Historical: I've spent years doing online research to learn about the 1000+ year history of the breed, which some say originated in China, but afterwards spent 700 more years as a special pet of the Japanese ruling classes. Personality related: I have 9 chins, and they are a family pack. Only 1 is unrelated. Watching dogs in a natural family pack living in my home has taught me far more than can be learned from just one dog, or several unrelated dogs. I've learned from watching them what their natural behaviors are Etc. Health Related: having raised so many chins to be my own, I've experienced pretty much all the common ailments a dog can have, from horrifying parvo to disgusting but harmless corona virus to helping my Vet perform caesarian sections due to birthing complications. One thing I am especially proud of is nursing my #1 Chin from a point where Vets thought she'd be better put down to a point of good health that I haven't seen since she was two. She'd been having pain and problems for years.
I've had them for a number of years and have gained quite a bit of in-depth experience with this unique, little known, but very respected breed. Due to what some would say are the extreme standards the breed is expected to meet, it is considered a delicate breed that requires a lot of Attn. and specific health problems. I've dealt with 'em all it seems and Overcome almost all of them. In doing so I have had to learn the whys behind the problems which are key to fixing the problem. I love the breed, and I want to ensure that as a breed that's existed for over 1000 years, it doesn't fade from problems compounded by breeding it to match arbitrary expectations based strictly on appearance, and not taking into account the unique personality the Japanese spent centuries developing into the animals.
The Japanese Chin is a very special breed, with a history going back over a 1000 years. In order to stay true to the original Japanese intentions I do not join any Kennel Club organizations. I respect the job they do, but the Japanese Chin has been around for centuries before anyone "recognized" it. My focus is on the Breed as the Japanese created it, where personality was as important as appearance.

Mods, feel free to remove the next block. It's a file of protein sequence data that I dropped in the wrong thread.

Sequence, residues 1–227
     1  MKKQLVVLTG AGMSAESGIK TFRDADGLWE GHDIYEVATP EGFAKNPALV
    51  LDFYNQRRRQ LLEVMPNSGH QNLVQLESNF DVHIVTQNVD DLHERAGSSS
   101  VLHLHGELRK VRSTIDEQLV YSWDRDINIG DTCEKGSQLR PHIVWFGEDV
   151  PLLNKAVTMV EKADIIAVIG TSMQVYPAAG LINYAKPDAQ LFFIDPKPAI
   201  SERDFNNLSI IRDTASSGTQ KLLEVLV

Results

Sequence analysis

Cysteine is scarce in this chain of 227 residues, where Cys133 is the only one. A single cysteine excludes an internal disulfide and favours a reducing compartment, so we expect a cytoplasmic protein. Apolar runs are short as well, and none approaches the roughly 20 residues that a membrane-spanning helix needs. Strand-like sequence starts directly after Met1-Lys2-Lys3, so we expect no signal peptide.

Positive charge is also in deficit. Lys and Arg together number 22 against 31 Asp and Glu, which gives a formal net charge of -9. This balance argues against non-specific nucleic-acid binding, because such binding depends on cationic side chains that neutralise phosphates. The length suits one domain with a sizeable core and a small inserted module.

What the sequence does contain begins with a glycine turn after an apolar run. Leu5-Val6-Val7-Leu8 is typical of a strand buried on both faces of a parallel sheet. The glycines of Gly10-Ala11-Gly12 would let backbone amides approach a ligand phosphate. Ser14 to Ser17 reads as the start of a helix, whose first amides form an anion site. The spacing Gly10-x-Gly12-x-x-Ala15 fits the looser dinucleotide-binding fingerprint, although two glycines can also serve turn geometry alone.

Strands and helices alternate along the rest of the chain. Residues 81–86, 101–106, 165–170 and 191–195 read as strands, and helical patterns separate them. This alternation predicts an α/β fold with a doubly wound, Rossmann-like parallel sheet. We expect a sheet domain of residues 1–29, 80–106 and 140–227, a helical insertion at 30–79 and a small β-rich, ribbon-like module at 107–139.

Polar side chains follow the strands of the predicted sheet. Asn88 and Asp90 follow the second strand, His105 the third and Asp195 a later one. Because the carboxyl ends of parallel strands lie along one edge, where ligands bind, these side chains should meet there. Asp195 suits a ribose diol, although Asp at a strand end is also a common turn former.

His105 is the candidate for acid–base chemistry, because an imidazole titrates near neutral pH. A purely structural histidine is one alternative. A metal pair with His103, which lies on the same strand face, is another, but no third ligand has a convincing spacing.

Self-taught raising a Japanese Chin pack. Currently have 9 - a family all related except for one. Have seen them grow from conception to adulthood, and watch the dog "culture" first hand dog to dog. Worked with a Vet for a number of years until he retired as well.
The ability to share useful practical advice with fellow Chin owners, and enable them to learn the good, basic rules so that they can raise a healthy, happy and vital Chin who lives a long life. I've made a point to rediscover the common sense guidelines that used to make it easy to raise a healthy and happy pet. Much of which has been virtually forgotten replaced by bogus advice.
Become a premier expert on the breed. Someone who other experts consult when they have difficult questions.
The delicate / fragile nature of the Chin is far more due to things many owners do that without realizing it make their Chin a fragile dog that can be hurt easily or get sick.
Dogs are carnivores. Feeding a chin what is nothing more than meat flavored, sented rabbit food is the biggest contributor to poor health and chin dying much younger than similar sized dogs. Switching to a bone/meat centered diet can dramatically improve the health of even the sickliest dog. Doing so doesn't require any more effort than feeding your dog now does, and YES COOKED food is 100% OK.